Casablanca to Rabat

Polka dot clouds start to break from their group hug just long enough for me to catch my first glimpse of the African coast on our descent to Casablanca. A familiar patchwork look to the land reveals a network of farms flush with crops.

Our plane touches down at mid-day, and taxis to a stop on the tarmac hundreds of feet from the low-profile white walls of the Mohammed V terminal. I climb down the staircase to an awaiting bus, lugging my backpack and a veil of sleepiness accumulated in 26 hours of travel.

The air is mild and still, laden with humidity from the Atlantic making it ever-so-slightly more work to inhale than the dry canned air of the plane. Palm fronds hang limply from their towering perches at the shoulders of the airport.

My friends haven’t slept much either and are the last to make their way out of the plane behind a beautiful olive-skinned woman and her cherubic, dark-ringleted daughter who is excitedly chirping about getting to see “papa”. Maybe that’s the case for Heather, Sharon and me – too much excitement to have slept on the plane.

Inside the terminal, we make our way through the slower of two long immigration lines (I have a knack for seeking out the slowest, most frustrating lines in markets, my local post office, airports…) before retrieving our bags downstairs and making our way to the arrivals area where a man greets us with a Gate 1 sign and an expression of relief. We are the last to emerge, rounding out his roster for our tour.

Dragging our luggage across the road, we make our way to an awaiting coach and the start of our first-world adventure. Welcome to Morocco.

Although the tour includes a night in Casablanca, it isn’t tonight, so our bus ambles out to a highway and turns north toward Rabat, the country’s capitol.

An hour later we pull into a roadside service area (complete with what our tour guide Yusef refers to as “the American embassy”, aka McDonald’s, and a gas station) for a bathroom break and a stretch to keep us all awake. Truckloads of onions sit and wait for less hungry drivers with empty bladders to return.

We arrive in Rabat in time for our first taste of tagine for the trip and some much needed sleep.

In the morning we tour a little of Rabat, while our guide gives us lessons in all things Moroccan.

In the Kasbah of the Udayas we stroll through the old city walls and into the narrow neighborhood streets. At first glance it appears cats outnumber people in the quiet enclave. I stop to take photos of heavy wooden doors and blue painted walls but can easily catch up with the group.

We visit The Chellah, a medieval Muslim fort near the center of the city and explore the scenic gardens and Roman ruins inside including a Roman bath. Dozens of cats laze in the sun on the remains of building foundations and in front of a couple of large mausoleums. Giant storks have built impressive nests along the highest walls and stare down menacingly at us as we pass.

Rabat seems quiet until I remember that today is a Saturday. I enjoy the slice of life on display from the window of the bus.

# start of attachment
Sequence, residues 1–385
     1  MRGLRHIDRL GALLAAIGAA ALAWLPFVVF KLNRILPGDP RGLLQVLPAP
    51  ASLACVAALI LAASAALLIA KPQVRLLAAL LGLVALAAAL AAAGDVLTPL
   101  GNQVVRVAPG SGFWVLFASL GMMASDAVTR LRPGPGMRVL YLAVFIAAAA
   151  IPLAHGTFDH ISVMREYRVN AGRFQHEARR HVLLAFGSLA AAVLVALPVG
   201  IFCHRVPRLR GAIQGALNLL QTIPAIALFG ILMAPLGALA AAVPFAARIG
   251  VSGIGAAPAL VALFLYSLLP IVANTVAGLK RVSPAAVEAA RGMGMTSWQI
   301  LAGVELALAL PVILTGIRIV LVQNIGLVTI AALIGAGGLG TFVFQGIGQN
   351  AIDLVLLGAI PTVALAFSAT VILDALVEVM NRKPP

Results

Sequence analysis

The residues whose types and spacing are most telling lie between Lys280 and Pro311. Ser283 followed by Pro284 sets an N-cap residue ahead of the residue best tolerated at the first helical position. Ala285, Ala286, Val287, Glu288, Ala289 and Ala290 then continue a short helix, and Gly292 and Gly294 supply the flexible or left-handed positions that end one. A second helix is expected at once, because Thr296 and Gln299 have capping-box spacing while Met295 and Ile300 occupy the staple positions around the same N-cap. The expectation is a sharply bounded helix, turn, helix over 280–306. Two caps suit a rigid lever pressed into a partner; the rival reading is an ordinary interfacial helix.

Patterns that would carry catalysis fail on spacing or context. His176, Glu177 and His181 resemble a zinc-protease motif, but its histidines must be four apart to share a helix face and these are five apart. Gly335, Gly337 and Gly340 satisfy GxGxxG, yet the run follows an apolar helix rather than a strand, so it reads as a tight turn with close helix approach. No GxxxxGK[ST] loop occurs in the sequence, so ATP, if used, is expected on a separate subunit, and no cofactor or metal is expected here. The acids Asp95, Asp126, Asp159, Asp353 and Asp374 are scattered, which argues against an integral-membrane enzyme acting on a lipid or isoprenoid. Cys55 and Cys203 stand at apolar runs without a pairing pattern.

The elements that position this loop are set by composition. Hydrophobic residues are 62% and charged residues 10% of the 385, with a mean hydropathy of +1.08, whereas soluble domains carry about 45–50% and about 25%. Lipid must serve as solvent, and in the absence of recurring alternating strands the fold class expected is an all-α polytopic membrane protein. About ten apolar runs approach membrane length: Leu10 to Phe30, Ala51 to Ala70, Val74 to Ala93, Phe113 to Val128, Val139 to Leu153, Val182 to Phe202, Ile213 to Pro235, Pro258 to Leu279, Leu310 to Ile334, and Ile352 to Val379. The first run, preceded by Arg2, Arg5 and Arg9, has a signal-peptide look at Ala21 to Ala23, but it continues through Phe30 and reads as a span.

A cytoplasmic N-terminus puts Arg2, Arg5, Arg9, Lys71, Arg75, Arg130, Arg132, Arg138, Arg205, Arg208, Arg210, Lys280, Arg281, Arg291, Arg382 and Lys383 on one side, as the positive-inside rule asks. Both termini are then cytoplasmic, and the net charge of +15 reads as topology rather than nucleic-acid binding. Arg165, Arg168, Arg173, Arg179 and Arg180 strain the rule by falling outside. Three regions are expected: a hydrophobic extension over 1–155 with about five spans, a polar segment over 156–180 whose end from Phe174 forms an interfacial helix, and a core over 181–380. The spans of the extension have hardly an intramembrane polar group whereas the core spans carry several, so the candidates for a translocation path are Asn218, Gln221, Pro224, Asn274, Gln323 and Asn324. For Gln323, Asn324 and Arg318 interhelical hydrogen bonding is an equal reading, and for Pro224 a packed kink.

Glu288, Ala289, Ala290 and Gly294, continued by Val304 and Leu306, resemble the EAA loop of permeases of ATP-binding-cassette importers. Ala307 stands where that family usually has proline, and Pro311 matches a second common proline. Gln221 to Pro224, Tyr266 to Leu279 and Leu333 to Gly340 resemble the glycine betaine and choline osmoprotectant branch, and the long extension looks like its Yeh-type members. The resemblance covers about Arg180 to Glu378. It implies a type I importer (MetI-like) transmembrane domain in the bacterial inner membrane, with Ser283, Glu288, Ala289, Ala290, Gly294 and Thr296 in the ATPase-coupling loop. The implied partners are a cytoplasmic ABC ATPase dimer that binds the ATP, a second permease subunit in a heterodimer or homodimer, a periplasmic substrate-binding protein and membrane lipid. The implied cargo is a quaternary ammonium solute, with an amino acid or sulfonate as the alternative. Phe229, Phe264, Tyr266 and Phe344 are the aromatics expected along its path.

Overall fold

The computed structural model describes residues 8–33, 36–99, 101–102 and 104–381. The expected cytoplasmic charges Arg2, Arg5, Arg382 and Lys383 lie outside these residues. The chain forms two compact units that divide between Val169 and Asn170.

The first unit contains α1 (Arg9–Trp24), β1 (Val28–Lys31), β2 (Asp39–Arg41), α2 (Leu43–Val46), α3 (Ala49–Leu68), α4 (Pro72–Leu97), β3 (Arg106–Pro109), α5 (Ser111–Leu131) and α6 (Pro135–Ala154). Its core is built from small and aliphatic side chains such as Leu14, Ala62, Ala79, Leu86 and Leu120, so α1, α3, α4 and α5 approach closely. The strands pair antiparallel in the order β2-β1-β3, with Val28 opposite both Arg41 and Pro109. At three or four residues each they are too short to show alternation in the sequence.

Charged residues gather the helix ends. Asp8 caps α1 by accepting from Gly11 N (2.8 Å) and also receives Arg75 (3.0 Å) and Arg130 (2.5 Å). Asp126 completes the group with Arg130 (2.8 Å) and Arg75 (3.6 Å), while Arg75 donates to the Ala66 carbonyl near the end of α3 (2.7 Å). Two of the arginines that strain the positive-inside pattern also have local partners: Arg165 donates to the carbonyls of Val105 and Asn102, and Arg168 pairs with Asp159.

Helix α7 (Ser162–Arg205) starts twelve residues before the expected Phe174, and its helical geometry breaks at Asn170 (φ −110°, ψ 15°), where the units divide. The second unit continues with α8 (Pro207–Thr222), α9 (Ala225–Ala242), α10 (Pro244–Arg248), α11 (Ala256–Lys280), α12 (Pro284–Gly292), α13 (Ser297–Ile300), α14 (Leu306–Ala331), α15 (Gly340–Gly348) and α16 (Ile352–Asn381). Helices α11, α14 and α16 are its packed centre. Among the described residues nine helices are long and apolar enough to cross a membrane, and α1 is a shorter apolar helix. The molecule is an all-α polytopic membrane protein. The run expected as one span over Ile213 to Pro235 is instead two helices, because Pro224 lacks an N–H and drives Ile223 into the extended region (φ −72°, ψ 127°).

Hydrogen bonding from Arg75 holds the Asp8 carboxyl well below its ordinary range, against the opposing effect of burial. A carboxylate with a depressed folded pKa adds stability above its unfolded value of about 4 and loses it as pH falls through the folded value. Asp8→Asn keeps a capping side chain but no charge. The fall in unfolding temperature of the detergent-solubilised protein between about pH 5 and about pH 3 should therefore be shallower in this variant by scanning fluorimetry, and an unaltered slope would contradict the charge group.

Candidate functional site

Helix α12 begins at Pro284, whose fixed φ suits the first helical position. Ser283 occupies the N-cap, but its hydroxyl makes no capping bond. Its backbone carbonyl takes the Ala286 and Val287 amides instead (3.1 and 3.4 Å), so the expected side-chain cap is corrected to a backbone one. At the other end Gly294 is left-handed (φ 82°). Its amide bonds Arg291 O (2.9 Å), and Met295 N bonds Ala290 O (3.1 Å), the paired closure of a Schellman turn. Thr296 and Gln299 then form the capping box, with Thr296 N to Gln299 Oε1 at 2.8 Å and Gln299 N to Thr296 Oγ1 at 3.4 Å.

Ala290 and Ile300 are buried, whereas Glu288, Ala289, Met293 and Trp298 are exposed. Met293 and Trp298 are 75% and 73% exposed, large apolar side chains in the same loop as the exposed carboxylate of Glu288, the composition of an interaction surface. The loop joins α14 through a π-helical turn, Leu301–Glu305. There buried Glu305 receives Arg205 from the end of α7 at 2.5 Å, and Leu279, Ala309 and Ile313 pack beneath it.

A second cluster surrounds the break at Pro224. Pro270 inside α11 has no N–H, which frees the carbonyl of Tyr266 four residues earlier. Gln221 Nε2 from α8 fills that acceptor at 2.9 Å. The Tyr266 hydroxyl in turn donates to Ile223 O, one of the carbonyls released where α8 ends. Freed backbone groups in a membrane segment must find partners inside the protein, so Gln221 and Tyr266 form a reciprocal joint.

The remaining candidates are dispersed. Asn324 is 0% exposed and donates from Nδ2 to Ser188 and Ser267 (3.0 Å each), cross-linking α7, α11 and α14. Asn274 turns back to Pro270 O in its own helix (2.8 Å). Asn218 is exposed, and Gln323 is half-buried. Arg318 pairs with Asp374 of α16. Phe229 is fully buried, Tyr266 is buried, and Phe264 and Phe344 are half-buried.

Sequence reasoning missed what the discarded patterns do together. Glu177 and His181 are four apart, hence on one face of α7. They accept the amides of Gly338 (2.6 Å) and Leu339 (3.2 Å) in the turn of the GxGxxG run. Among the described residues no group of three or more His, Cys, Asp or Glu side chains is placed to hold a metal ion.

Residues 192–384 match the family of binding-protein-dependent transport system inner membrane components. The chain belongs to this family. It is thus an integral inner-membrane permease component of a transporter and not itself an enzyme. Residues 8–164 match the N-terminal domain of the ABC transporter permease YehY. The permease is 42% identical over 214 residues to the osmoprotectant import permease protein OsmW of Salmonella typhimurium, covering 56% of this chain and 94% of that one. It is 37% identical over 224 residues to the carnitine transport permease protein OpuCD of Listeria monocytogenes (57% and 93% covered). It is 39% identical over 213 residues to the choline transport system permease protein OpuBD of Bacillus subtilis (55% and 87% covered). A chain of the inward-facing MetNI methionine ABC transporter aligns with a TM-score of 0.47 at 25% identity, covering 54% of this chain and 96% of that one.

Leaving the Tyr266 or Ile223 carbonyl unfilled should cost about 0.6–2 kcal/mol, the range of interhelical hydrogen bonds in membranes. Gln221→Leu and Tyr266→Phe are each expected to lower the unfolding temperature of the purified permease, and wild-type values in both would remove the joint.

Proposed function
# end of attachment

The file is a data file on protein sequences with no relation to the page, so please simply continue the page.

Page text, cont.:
We visit the Royal Palace, one of many sprinkled around Morocco, and are told that the way to tell if King Mohammed VI is in or not is whether the fountains are empty or full. Unfortunately, he isn’t at this particular palace at the moment. Across the plaza we see the minaret of a mosque where the imam will call the faithful to one of five daily prayers at midday. In many Muslim countries a recorded call to prayer has replaced the live voice of an imam, but in Morocco tradition still holds and you can hear imams singing out across the land several times each day.

We watch the presidential fleet of cars getting exercised in the palace grounds before making our way past the white dome of the country’s department of defense offices and out of the complex.

In the center of the city we stop to visit the Yacoub al-Mansour esplanade, home to the Hassan Tower, an incomplete minaret which is more than 800 years old. The red sandstone giant stands guard over the remnants of columns which were intended to form the mosque that was never completed.

Across the plaza stands the Mausoleum of Mohammed V, grandfather of the current king, a breathtakingly beautiful carved marble shrine.

As I cross the esplanade toward the bus, I think the sun feels good today. Morocco isn’t as warm as had expected it to be. I’m glad I’ve packed a couple of sweaters and scarves. There’s so much to see here and we’ve only gotten started.

As per usual, I don’t know what I expected, but it wasn’t really this. Somehow my visions of Saharan sand dunes have been replaced with views of modern highways and city streets, and miles and miles of farmland.

Next stop, Volubilis.

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  1. Beautiful photos! I adore the blue doors…do you know if there is a significance to the color? All those cats would give me the heebie-jeebies though. 🙂

  2. I love this! It made me feel like I was on the trip again. So glad Mary forwarded to me. Hope you all are well.


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